Dr. Kara Marshall named a McNair Scholar by the McNair Medical Institute
Dr. Kara Marshall, assistant professor of neuroscience at Baylor College of Medicine and faculty member at the Jan and Dan Duncan Neurological Research Institute at Texas Children’s Hospital, has been named the newest McNair Scholar.
The McNair Scholars program, launched by The Robert and Janice McNair Foundation and managed by the McNair Medical Institute, identifies and recruits the best and brightest physician-scientists in neuroscience, with a focus on neuromodulation.
“I am honored and grateful for this generous support from the McNair Scholars program. It was critical for enabling me to start my laboratory at Baylor College of Medicine and in supporting my work with the Jan and Dan Duncan Neurological Research Institute at Texas Children’s Hospital,” Marshall said.
Marshall joined Baylor in April to establish her lab focused on understanding how the brain and nervous system detect mechanical forces in the body. Although we often take it for granted, mechanical force-sensing plays a critical role in several processes, such as blood pressure control, feeding, digestion and urination. She and her team aim to uncover how your gastrointestinal tract tells your brain that you are full, what causes internal organ pain and how these internal cues affect behavior and physiology.
"Our work is inherently cross-disciplinary because we plan to investigate how the nervous system functions in many different organ systems in both health and disease. The lab will be able to delve into these exciting questions thanks to the wonderful, supportive community at Baylor College of Medicine, the NRI and within the McNair Scholars program. The breadth of excellent science done here provides so much inspiration and opportunities for collaboration," Marshall said.
This is not the first time Marshall has been a part of the Baylor community. After graduating from Texas A&M University with a Bachelor of Science in biology, she began a Ph.D. program at Baylor. During that time, she earned a Master of Science in neuroscience but later followed her mentor to Columbia University, where she completed her Ph.D. in molecular and biomedical science.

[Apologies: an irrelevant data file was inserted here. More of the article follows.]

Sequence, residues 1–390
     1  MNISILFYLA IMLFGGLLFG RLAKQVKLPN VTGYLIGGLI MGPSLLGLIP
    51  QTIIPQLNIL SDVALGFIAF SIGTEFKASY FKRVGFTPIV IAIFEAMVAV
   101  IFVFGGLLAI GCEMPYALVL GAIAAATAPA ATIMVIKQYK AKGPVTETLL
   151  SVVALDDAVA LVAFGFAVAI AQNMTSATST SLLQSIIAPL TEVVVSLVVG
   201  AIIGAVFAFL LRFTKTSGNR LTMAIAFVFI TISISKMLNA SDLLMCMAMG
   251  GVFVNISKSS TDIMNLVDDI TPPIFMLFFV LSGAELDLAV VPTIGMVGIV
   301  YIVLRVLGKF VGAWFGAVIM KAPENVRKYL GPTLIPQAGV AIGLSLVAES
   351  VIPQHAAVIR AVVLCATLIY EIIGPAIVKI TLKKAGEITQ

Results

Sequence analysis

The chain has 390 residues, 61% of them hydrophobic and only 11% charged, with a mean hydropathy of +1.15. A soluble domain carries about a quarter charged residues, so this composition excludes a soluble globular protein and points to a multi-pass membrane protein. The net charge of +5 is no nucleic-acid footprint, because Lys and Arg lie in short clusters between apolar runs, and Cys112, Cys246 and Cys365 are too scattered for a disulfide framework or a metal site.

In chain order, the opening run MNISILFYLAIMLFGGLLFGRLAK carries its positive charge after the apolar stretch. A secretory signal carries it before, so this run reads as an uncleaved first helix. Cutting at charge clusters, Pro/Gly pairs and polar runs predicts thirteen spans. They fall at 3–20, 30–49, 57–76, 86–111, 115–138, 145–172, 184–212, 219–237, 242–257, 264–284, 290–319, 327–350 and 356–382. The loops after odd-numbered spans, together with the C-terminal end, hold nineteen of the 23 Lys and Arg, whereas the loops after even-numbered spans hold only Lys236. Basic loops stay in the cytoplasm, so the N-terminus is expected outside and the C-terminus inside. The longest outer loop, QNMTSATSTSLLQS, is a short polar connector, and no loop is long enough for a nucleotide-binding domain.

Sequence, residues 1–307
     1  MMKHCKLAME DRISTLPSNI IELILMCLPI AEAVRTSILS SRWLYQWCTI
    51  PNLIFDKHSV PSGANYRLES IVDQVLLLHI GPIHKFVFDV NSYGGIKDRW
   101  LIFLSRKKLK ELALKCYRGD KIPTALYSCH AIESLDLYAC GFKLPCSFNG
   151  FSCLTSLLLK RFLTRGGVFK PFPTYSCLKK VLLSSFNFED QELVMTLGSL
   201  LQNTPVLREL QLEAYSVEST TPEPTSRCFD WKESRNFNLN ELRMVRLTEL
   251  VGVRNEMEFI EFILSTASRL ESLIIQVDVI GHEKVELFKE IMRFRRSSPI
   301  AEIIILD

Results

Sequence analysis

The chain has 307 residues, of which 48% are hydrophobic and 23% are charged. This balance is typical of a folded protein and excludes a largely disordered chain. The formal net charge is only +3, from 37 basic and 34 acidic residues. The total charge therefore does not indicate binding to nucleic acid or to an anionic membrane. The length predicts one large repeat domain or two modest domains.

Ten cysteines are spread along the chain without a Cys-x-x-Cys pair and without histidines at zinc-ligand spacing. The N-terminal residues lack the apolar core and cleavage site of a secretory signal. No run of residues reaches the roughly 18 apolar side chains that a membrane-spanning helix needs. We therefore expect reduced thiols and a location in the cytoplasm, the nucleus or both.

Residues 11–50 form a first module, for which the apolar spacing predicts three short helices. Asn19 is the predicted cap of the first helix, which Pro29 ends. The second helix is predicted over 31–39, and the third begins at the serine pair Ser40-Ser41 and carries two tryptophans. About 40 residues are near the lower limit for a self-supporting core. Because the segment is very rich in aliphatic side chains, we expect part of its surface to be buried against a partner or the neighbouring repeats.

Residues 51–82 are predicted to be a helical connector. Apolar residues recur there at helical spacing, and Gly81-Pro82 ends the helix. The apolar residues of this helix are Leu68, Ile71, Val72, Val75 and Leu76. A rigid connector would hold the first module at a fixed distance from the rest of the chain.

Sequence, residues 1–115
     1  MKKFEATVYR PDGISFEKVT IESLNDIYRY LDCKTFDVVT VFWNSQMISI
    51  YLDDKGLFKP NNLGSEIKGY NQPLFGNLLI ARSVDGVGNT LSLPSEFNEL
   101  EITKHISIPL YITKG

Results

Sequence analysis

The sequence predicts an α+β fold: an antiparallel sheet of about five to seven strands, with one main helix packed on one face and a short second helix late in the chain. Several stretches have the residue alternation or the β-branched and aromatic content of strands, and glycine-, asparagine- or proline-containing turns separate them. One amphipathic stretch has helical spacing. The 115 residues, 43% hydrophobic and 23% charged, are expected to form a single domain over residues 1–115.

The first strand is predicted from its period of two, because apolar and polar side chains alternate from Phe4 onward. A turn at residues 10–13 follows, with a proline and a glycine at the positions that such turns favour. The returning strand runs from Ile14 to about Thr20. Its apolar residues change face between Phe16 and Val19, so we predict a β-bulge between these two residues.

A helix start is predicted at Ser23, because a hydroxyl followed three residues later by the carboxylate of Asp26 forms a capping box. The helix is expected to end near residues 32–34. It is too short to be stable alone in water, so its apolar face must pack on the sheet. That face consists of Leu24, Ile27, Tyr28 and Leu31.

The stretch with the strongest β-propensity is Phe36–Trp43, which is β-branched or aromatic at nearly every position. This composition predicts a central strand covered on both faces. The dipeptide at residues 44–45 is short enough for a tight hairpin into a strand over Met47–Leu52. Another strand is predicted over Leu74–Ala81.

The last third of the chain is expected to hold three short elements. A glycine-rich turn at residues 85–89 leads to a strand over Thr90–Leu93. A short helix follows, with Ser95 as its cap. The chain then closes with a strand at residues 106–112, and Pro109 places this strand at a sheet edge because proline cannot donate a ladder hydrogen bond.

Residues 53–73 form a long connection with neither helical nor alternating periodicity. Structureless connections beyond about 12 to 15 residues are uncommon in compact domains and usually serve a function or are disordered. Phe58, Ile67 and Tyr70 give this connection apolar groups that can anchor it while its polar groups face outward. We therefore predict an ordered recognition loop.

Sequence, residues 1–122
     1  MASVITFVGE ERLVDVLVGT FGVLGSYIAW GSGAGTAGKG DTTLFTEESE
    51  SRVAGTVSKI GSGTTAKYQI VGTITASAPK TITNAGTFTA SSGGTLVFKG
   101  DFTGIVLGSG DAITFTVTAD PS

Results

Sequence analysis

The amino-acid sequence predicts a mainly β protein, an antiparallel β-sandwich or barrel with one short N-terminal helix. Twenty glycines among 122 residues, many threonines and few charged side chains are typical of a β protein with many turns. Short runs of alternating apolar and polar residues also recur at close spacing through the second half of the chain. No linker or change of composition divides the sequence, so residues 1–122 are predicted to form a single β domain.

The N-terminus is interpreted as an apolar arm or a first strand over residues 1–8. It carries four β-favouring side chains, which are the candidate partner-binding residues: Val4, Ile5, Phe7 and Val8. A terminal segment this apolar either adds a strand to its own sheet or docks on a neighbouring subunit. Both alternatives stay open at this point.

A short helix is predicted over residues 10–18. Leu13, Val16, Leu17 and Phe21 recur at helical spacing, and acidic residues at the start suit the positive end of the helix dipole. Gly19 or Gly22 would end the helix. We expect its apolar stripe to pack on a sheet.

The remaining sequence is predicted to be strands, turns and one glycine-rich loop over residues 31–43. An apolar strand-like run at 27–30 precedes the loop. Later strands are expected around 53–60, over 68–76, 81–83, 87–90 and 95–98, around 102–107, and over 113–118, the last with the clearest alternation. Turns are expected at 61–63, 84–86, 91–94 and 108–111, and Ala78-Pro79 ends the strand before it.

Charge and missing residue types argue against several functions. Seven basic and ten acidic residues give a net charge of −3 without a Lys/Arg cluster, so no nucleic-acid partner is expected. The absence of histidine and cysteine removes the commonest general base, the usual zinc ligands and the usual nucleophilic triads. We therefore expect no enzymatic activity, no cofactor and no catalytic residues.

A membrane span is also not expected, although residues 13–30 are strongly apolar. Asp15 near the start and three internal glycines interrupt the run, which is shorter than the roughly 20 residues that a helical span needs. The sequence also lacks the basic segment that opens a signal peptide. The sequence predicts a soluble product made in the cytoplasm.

As a student, Marshall discovered a new phenomenon of rapid touch-receptor remodeling in the context of healthy skin renewal and described the anatomical and organizational structure of somatosensory neurons in the bat wing that provide sensory feedback during flight.
During her postdoctoral fellowship at the Howard Hughes Medical Institute and the Scripps Research Institute, Marshall participated in multiple projects under the mentorship of recent Nobel Laureate Dr. Ardem Patapoutian. In these projects, Marshall identified that the mechanotransduction ion channel PIEZO2, which mediates external senses like touch, also is essential for internal force sensing. Her primary work found that this ion channel mediates urinary reflexes and the sensation of bladder fullness in mice and humans.
Marshall has had several publications in high profile journals such as Nature, Science and Cell Reports. She is the recipient of prestigious awards, including being named a Kavli Fellow in 2021 and earning the Dean’s Award for Excellence in Research at Columbia University. She also has been involved in science-related community outreach to promote science education and careers.